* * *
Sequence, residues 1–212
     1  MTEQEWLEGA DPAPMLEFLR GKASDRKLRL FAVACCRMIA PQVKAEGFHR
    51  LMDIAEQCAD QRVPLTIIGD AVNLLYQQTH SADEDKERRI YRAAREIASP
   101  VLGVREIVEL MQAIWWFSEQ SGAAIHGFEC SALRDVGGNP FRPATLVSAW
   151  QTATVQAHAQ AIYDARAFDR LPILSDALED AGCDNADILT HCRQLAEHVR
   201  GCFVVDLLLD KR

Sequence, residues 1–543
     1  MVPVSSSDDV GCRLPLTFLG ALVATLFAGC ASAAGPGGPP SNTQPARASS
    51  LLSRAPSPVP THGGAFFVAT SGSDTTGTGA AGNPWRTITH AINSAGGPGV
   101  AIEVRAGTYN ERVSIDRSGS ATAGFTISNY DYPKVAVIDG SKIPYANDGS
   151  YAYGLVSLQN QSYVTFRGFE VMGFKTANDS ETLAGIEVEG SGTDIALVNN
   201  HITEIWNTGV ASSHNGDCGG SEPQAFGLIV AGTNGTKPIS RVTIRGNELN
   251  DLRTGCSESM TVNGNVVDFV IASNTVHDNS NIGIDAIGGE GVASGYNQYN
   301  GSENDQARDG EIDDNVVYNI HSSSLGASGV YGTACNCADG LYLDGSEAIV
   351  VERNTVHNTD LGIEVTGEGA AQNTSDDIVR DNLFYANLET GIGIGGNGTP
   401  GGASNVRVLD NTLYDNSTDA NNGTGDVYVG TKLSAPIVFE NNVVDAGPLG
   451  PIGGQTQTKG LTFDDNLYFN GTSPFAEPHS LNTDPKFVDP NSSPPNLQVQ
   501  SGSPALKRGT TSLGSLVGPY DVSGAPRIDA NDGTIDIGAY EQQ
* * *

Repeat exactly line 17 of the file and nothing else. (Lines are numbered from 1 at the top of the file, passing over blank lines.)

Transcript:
   451  PIGGQTQTKG LTFDDNLYFN GTSPFAEPHS LNTDPKFVDP NSSPPNLQVQ